Fed’s Brainard Says Interest-Rate Hike Likely Appropriate ‘Soon’

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  • U.S. economy looks to be ‘in transition,’ she says at Harvard
  • Fed close to reaching full employment, inflation goals

Fed's Brainard Sees Fed Rate Hike Soon

One of the Federal Reserve’s biggest skeptics about the strength of the global expansion signaled the U.S. economy may be strong enough to withstand an interest-rate increase soon, as key policy makers coalesce around tightening at their next meeting in mid-March.

“Assuming continued progress, it will likely be appropriate soon to remove additional accommodation, continuing on a gradual path,” Fed Governor Lael Brainard said in the text of a speech Wednesday at Harvard University in Cambridge, Massachusetts. “We are closing in on full employment, inflation is moving gradually toward our target, foreign growth is on more solid footing and risks to the outlook are as close to balanced as they have been in some time.”

Brainard, who for months has played the role of lead dove at the Fed by arguing to keep rates lower for longer, said the U.S. economy “appears to be in transition.” If continued, that would allow the central bank not only to normalize rates gradually but also begin considering when and how to reduce the size of its $4.5 trillion balance sheet, she said.

Her improved outlook may add momentum to rising expectations among investors that the Fed will raise rates by a quarter percentage point when the Federal Open Market Committee gathers in Washington March 14-15.

Hawkish comments from New York Fed President William Dudley and San Francisco’s John Williams on Tuesday already significantly boosted those expectations.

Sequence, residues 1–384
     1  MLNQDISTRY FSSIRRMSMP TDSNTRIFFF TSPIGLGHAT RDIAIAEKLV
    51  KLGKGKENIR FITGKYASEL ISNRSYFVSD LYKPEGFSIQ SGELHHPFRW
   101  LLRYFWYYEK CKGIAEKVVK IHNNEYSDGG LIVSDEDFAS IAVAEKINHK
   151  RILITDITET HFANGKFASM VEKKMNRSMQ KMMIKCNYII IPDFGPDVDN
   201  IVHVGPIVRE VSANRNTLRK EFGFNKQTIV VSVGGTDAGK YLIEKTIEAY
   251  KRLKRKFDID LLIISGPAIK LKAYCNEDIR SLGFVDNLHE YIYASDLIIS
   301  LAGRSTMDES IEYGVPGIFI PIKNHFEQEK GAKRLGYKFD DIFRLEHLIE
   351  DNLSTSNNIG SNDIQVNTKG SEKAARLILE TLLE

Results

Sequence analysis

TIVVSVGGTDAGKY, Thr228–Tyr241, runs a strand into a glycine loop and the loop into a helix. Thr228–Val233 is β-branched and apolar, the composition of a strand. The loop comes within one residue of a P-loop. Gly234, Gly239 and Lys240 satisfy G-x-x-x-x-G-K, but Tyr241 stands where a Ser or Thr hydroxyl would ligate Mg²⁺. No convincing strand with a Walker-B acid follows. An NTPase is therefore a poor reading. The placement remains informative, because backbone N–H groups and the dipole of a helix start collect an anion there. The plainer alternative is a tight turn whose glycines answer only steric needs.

Rising Yields

Yields on two-year U.S. Treasuries have climbed about 0.14 percentage point this week, briefly breaching 1.30 percent for the first time in more than seven years. The probability of a March rate hike implied by prices in federal funds futures contracts has climbed.

Brainard said she expects the U.S. economy to continue making progress toward the Fed’s goals, driven by growth in consumption, adding that signs of improved business investment are rising. “The contrast with the situation a year ago is sharp,” she said.

Read more: What does ’full employment’ really mean?

A former undersecretary of the Treasury for international affairs, Brainard also pointed to favorable developments in a number of major foreign economies.

“Near-term risks to the United States from abroad appear to have diminished,” she said. “Recoveries are gaining traction in China, Europe and Japan, in part reflecting greater confidence in their respective policy environments.”

In China, she said, government officials had “stabilized growth and calmed fears of financial instability” by boosting credit and fiscal stimulus and clamping down on capital outflows.

In Europe, despite threats posed by the U.K. vote to exit the European Union and from capital stresses to German and Italian banks, “the recovery has proven to be increasingly resilient.”

In Japan, core consumer prices fell 0.2 percent in December. Data for January is forecast to show the index at zero percent, versus the central bank’s 2 percent target. "Scope for additional monetary policy accommodation is limited, leaving the economy vulnerable to adverse demand shocks," said Brainard.

Perils Remain

Brainard warned that perils remain for the Fed in navigating interest rates out of historically low territory. Chief among those was the persisting proximity of rates to zero and the likelihood that rates would return there if the economy suffered a negative shock.

Still, upside risks posed by an improving global economy, as well as by expectations for an expansionary fiscal policy under the Trump administration, mean “risks to the outlook are more balanced today than they had been for the preceding two years,” she said.

Regarding an emerging debate over the Fed’s balance sheet, Brainard sided firmly with officials who say that shrinking the portfolio of bonds should be done in a “gradual, predictable way.”

She added that the balance sheet should ultimately be “considerably smaller than its current size but larger than its pre-crisis level.” It stood below $1 trillion before the first round of bond purchases in 2008.

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